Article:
Juneteenth 2022
A woman celebrating the Juneteenth on a street with an African American flag

I’m Still Figuring Out How To Celebrate Juneteenth — And I’m OK With That

Now, this holiday means so much to me.

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I was in college when a friend introduced me to Juneteenth. As the second week of June 2006 approached, she hit me with a very casual, “What we gonna do for Juneteenth?” Even though my family was from the South, and I grew up in a predominantly Black neighborhood with diverse friendships, I had no idea what she was talking about. At the time I played it cool, but I felt like a bit of a failure for not knowing about this holiday. She was from Mississippi, and grew up celebrating Juneteenth with family. I was from Los Angeles, and there was no mention of it at home or at school, and I certainly never saw any “Honoring Juneteenth” ads on TV.

For years after, I didn’t give a ton of thought to Juneteenth, which celebrates the end of slavery in the United States. I had learned of its history, but there wasn’t anything beyond that knowledge. I knew it was special, but I didn’t have a tangible way to honor it, so I didn’t. But after years of figuring it out, now this holiday that I knew so little about carries so much meaning for me, and that meaning deepens with every year I celebrate.

I decided to get serious about Juneteenth in 2020. That year, the holiday fell smack in the middle of protests against racism and police brutality following the murder of George Floyd. Juneteenth reminded me of the joy that I could feel alongside the pain. After months of isolation, with nothing but TikTok trends to distract me from the never-ending flood of traumatizing images, Juneteenth was like stepping inside a cool, air-conditioned room after suffocating outside on a muggy summer day.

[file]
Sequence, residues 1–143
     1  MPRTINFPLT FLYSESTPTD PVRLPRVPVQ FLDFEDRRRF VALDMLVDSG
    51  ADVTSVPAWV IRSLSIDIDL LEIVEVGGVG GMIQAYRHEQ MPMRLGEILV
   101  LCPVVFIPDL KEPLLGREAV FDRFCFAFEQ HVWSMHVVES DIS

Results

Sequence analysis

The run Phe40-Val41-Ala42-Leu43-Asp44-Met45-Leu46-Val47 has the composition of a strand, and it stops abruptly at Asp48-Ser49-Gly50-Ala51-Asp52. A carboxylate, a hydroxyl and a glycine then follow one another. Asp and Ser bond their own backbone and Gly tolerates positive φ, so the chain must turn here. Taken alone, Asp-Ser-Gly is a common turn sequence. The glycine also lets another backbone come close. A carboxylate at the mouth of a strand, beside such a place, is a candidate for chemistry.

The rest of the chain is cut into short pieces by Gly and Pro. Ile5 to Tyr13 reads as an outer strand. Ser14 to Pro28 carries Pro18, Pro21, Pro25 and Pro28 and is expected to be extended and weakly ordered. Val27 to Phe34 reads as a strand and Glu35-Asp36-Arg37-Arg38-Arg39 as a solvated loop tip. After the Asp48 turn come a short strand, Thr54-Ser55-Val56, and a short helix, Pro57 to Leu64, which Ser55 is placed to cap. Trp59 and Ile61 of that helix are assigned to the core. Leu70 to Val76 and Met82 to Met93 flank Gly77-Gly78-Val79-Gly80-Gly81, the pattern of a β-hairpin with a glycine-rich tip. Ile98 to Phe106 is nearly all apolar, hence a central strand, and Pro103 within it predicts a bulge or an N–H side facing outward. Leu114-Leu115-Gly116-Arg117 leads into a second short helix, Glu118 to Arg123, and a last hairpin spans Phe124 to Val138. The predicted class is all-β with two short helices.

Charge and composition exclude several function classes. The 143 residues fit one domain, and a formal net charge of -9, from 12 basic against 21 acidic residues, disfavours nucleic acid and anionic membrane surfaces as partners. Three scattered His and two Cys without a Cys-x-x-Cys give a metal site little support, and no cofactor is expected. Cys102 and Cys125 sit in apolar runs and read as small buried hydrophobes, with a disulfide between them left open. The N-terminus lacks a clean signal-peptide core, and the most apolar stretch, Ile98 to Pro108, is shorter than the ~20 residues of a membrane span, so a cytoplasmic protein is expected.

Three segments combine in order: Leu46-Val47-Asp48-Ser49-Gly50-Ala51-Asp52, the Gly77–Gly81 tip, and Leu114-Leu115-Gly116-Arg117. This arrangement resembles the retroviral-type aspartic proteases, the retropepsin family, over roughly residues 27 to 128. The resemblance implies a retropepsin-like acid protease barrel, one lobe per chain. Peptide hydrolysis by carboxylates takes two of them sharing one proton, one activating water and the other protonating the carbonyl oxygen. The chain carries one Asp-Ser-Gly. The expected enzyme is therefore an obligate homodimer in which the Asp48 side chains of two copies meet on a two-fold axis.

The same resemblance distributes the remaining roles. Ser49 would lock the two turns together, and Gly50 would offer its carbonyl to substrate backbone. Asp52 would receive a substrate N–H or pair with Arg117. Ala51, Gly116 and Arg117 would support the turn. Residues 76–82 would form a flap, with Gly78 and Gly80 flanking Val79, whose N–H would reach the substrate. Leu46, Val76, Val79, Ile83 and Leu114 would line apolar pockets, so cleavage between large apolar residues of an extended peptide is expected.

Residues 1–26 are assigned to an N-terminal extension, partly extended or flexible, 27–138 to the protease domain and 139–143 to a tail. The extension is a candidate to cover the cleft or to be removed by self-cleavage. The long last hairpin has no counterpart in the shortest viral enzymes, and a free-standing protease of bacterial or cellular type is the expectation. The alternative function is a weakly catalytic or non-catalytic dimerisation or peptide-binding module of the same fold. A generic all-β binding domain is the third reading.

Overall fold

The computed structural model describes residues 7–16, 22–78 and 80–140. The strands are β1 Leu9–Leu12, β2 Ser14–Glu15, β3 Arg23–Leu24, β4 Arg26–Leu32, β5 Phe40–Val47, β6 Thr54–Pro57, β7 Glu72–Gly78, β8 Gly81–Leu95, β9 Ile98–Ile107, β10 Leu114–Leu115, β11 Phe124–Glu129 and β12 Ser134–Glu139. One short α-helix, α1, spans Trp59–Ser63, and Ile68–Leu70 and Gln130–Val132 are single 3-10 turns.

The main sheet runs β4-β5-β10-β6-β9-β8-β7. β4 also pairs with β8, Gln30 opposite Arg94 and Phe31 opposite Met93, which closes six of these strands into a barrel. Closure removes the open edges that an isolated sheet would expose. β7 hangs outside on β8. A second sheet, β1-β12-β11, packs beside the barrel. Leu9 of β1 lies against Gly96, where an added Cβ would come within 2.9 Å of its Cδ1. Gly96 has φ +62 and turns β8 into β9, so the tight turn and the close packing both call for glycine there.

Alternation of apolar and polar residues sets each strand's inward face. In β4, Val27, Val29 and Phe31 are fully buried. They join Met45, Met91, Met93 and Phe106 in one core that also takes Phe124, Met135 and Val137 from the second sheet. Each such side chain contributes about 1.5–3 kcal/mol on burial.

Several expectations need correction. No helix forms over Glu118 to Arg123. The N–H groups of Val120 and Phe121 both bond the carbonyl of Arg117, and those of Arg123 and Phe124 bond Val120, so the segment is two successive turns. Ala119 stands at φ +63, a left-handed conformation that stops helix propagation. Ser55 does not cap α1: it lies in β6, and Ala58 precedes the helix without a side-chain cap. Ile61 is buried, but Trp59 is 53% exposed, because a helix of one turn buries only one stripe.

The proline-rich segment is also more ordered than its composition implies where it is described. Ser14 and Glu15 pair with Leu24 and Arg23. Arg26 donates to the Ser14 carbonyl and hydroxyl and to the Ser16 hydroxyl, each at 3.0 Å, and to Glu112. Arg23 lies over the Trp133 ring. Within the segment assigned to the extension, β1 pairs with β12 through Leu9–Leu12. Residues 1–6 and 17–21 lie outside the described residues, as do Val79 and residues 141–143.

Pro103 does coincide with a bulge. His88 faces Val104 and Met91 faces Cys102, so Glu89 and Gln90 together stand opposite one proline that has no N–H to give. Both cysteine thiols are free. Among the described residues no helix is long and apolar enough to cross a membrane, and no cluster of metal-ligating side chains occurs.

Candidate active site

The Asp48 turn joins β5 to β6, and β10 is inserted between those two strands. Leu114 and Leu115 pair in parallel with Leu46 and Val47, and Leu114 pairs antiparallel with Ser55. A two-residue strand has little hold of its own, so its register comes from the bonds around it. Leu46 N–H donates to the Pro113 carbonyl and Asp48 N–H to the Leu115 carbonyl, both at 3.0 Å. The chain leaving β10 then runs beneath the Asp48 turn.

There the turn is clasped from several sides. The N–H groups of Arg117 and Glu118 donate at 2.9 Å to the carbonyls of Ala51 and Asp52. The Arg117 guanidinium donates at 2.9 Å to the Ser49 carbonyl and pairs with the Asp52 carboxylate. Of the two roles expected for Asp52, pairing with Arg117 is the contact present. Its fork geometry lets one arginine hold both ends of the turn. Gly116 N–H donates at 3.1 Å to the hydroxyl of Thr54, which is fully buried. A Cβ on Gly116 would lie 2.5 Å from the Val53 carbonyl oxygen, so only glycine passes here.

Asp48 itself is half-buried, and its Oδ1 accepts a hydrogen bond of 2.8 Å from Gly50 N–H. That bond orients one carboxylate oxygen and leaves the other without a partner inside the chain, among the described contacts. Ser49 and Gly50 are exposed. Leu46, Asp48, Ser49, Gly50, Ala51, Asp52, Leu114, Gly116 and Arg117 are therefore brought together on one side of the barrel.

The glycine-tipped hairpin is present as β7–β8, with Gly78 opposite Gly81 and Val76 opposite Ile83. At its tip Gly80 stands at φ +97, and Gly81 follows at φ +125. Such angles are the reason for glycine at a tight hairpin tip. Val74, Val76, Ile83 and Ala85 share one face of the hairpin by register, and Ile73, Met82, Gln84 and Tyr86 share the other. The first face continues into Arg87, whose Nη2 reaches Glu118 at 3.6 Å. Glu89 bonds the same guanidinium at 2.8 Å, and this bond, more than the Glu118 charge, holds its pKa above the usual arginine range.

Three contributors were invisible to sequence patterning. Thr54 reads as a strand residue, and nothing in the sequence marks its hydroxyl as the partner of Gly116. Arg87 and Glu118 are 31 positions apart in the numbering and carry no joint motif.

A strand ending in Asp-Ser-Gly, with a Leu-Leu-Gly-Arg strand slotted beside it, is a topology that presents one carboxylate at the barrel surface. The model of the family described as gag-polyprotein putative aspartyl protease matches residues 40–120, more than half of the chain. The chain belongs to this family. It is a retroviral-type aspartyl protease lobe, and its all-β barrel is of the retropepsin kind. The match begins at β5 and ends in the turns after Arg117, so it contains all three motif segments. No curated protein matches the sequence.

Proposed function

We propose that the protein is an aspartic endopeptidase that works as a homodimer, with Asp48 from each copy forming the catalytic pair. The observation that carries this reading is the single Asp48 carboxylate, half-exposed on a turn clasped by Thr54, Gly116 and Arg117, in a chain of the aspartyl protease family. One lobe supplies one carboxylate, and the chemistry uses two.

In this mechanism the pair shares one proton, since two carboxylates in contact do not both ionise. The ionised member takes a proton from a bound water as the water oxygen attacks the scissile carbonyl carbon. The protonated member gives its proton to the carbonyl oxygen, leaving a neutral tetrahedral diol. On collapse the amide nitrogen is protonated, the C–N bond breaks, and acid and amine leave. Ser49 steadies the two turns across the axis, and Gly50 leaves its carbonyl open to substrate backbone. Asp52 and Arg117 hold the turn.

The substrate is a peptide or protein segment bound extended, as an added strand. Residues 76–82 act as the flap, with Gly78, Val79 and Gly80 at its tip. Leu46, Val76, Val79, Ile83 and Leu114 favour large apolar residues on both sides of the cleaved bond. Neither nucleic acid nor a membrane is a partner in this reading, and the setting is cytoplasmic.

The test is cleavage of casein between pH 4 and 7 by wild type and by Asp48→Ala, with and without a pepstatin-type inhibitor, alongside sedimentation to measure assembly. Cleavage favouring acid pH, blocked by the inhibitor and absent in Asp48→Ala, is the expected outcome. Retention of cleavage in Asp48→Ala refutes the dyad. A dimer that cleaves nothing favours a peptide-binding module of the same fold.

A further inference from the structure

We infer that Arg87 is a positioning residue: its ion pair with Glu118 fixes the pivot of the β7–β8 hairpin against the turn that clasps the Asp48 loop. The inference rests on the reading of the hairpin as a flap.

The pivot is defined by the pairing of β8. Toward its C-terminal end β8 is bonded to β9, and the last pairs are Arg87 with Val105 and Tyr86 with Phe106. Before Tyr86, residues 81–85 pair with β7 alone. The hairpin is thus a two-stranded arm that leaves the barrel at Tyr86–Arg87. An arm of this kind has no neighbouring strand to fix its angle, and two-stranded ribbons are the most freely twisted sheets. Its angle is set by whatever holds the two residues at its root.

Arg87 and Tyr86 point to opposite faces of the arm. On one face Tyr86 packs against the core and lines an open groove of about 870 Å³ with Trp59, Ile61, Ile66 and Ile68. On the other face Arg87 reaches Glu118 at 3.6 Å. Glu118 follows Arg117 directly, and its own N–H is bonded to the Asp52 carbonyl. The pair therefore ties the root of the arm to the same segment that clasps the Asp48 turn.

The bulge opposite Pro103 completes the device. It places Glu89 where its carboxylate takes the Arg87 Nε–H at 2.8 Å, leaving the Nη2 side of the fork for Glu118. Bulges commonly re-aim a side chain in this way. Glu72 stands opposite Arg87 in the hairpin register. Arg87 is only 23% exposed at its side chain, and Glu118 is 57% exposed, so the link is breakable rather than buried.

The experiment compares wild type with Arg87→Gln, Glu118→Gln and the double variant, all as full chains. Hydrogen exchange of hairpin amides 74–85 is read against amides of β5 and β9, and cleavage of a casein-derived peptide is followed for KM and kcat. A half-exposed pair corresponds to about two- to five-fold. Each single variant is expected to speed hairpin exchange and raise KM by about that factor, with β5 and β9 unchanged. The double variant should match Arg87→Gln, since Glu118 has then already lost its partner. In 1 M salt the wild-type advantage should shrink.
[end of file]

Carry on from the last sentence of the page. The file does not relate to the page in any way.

This day reminds me not to give up.

On that day, I spent time with one friend embracing all the blackity goodness we could handle. We played Beyoncé’s “Black Parade” nonstop. We danced and cracked jokes. We ordered soul food and sang along with Alicia Keys and John Legend on Verzuz. The entire day was Black joy in its fullness — and it reminded me to embrace everything about myself, my people, and the freedom we have here and now. In the years since, I’ve kept learning about ways to celebrate that feel truest to me, like connecting with friends, honoring my own history, and making change for others.

When Juneteenth was declared a federal holiday in 2021, I was in Texas visiting friends. We celebrated by inviting their family members over and cooking together. My friends are Nigerian, and since my Ancestry DNA suggests that I, too, am 37% Nigerian, we all figured it was time I learned to cook traditional Jollof rice and stew.